Cycling-Related Lower Back Pain: A Guide


Cycling-Related Lower Back Pain

There are many people out there who take on the world by bike. Cycling is one of the most popular options for physical activity and it’s also commonly combined with — surprise, surprise — eco-friendly transportation as well. However, if you’ve spent any amount of time cycling, you may be familiar with cycling-related lower back pain. As the title suggests, this is lower back pain that is connected specifically with regular time spent on a bicycle. If you find yourself struggling with this now more than you used, it might be time to take a look at what’s going on behind the symptoms. Proper understanding of what causes this distinctive pain in cyclists, as well as what to do about it is going to help you get back out on the road to take in the sights, good as new.

What causes lower back pain for cyclists?

Pain is organic and it tends to be different for each particular person. That’s why understanding the cause of back pain in cyclists is first about finding the general reason why you could be experiencing it in the first place. Here are some of the most common causes why you might be feeling the twinge:

  • Improper bicycle size
  • improper bicycle adjustments
  • improper posture
  • Having pre-existing injuries

An ill-fitting bike

Much like clothing, bikes are not “one size fit all”. Sure, as a child you probably got hand-me-downs and you make those work because you were constantly growing, but cycling seriously requires a proper fit. When you are choosing your bike, go to a professional shop that will help size you properly for a bike and also get familiar with what different elements go into calculating that right fit. For example, one of the issues that can be calculated for with a proper fitted bicycle is leg length discrepancies (LLD). This is a condition in which one leg is longer than the other (typically up to 6 mm) and is very common. A trustworthy specialty bike shop will help to accommodate that and make sure that your bike fits work with that. If your LLD is larger than that, they’ll also be able to help you out to make sure that your slightly shorter leg’s knee and ankle are not taking extra strain.

The height and/or angle of the seat

Similar to the bike choice, you also will need to make sure that all of the elements of the bike itself are fitting you properly. Common issues are the height and angle of the seat, as well as the distance between the seat stem and the handlebars. The seat — commonly referred to by cyclists as the saddle — must be adjusted for height, first, to make sure that your hips are not rocking needlessly back and forth. If they are, due to the wrong height, it puts a lot of strain on your lower back. Ideally, the seat should be set at such a height that you have only a slight bend in the knee when your foot reaches a 6 o’clock position. If you find that your leg is totally straight, lower your seat down until you get to the slight bend you’re looking for. As for angle, you should not feel as though you need to lean forward just to rotate through the pedal’s cycle. It should be comfortable for you to sit up straight without losing your balance. The other issue is the fit and distance between the handlebars and seat. This distance should be carefully measured — along with the height of the handlebars — to make sure that you are in the right position on the bike to prevent strain and posture issues that will cause more pain and discomfort. By getting the handle bars high enough, you’ll be able to hold a comfortable and upright position to keep you from bending forward and putting strain on your back unnecessarily. Again, a professional will be able to help with this.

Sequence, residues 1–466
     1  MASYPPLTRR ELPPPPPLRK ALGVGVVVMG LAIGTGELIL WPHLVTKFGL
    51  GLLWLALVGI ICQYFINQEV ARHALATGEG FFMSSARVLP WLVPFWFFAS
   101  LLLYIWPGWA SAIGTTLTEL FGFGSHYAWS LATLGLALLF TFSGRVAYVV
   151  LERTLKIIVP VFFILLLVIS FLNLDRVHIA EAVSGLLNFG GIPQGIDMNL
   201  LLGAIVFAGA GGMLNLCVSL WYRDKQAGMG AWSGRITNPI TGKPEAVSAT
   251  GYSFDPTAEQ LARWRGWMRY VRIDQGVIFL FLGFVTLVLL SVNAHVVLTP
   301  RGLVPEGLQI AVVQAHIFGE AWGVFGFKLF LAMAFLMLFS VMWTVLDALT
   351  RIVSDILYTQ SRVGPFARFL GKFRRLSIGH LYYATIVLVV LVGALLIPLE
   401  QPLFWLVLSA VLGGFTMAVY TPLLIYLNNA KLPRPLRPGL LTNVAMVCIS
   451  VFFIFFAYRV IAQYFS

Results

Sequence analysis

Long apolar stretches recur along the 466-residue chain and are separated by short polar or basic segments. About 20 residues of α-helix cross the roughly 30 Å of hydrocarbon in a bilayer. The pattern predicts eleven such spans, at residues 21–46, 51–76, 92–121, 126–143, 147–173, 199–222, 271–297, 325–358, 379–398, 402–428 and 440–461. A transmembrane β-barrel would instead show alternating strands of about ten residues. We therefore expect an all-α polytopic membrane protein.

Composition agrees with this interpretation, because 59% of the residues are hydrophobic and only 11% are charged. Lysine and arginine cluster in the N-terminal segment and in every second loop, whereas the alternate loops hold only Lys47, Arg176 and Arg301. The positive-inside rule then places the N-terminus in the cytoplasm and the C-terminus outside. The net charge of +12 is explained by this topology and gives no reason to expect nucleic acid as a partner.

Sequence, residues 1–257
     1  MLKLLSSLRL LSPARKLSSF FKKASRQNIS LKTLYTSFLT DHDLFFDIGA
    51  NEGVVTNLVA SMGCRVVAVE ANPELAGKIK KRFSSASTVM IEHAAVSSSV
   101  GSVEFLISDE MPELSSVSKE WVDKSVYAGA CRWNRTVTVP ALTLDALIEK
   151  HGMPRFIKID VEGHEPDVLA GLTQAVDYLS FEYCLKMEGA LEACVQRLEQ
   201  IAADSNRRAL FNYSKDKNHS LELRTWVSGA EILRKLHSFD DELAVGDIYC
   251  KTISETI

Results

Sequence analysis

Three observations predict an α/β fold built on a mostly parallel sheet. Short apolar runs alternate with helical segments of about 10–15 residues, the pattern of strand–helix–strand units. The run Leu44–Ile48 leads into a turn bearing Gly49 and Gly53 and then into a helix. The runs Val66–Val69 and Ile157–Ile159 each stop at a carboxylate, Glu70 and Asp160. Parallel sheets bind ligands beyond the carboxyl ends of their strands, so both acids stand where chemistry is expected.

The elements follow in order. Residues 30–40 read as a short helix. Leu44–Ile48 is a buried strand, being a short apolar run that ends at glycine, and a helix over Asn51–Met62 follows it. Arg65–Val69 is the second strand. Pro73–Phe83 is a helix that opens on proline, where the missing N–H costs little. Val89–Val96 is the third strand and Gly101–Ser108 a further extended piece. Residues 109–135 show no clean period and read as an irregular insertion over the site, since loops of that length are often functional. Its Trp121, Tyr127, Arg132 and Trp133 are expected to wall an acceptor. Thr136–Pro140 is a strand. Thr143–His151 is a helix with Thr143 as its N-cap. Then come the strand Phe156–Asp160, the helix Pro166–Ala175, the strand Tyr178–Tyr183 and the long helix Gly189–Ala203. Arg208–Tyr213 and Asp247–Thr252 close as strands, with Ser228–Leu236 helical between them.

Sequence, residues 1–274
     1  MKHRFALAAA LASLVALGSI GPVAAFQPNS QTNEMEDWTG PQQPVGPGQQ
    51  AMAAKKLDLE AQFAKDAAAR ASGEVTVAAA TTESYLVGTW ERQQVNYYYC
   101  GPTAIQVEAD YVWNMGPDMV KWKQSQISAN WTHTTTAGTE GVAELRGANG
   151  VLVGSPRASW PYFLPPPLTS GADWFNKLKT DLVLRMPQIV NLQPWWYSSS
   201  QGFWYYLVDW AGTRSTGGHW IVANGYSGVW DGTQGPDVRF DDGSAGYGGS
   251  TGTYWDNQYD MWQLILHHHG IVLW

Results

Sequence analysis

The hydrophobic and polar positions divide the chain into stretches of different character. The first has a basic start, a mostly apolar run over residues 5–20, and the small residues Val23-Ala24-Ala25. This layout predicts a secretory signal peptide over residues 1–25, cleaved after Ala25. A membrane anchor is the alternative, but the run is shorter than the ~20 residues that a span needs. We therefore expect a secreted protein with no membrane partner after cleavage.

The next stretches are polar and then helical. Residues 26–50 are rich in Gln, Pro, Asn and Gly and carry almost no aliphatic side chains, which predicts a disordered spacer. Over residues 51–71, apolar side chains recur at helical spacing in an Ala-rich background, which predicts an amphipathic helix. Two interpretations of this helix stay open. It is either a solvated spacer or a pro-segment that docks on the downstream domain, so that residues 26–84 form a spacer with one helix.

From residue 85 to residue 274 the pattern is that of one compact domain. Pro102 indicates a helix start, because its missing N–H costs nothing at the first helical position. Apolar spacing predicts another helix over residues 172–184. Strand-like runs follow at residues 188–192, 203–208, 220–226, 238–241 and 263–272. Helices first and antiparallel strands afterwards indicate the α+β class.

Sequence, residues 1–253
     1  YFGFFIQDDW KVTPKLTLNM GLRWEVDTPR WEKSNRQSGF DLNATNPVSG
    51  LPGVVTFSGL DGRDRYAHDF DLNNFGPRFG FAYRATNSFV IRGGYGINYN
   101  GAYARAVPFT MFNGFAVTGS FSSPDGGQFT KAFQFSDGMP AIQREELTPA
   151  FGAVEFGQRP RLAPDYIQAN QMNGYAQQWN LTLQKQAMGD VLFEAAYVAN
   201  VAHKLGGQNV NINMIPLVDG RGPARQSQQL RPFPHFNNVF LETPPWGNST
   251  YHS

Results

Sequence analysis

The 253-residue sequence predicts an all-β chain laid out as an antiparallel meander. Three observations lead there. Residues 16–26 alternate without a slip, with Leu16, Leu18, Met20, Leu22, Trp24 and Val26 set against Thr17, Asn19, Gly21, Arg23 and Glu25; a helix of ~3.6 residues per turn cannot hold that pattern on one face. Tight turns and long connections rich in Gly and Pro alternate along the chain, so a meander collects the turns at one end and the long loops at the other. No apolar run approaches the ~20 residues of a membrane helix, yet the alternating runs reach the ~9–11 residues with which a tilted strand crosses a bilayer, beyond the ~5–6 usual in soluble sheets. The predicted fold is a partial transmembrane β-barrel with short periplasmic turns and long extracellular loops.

Your posture

Another detail with your bike has to do with how you actually ride your bike itself. This could be from the fit of the bike, but it could also be due issues such as poor spinal health that cause you to have to hold yourself differently on the bike. Another factor could be fatigue from taking on too much at one time (more on that later). If you are someone who spends a lot of time sitting, such as an office workers, your back will be taking a lot of strain already. That, combined with cycling, can lead to poor spinal health that may result in premature and chronic pain in the lower back. A tired and over-strained back is a sore back, after all. Similarly, if you have poor posture in general (as many do), this will also mean that your cycling posture may suffer before you even get on the bike. As any professional athlete will tell you, posture and learning how to hold yourself properly on the bike itself (including changes in terrain) will help you protect your back’s health as much as possible.

Cycling-Related Lower Back Pain

Preexisting injuries or weaknesses

Similar to your posture, any kind of weaknesses or injuries that you have to your back or legs may also cause pain in the lower back. This could be having a deficiency or weakness in one side of your body and dominance in the other. Or, it could be an old spinal or leg injury that means your movement is a little different from what the ideal cycling posture should be. This means that your lower back will take the strain faster than the average person without an injury or deficiency.

While these are some of the most common causes of lower back pain in cyclists, it is not a complete list. If all of these turn out to not be an issue for you personally, you may want to take a look at a few more person-specific causes of back pain by talking to a specialist.

Treatment options for lower back pain

So now that you know why your back is giving you so much pain and discomfort, you get to start taking charge over your life again so that you can get back out there and enjoy your time on your bike as much as possible. Firstly, if you’ve found that the cause is your bike’s fit, it’s as simple as consulting with a professional to help you adapt your current bike, or getting a new one if you need to. If your lower back pain is cycling-related in terms of injuries or weaknesses, those also have great treatment options available to make the most out of your body’s well-being. Here are some great tips:

Proper stretches before and after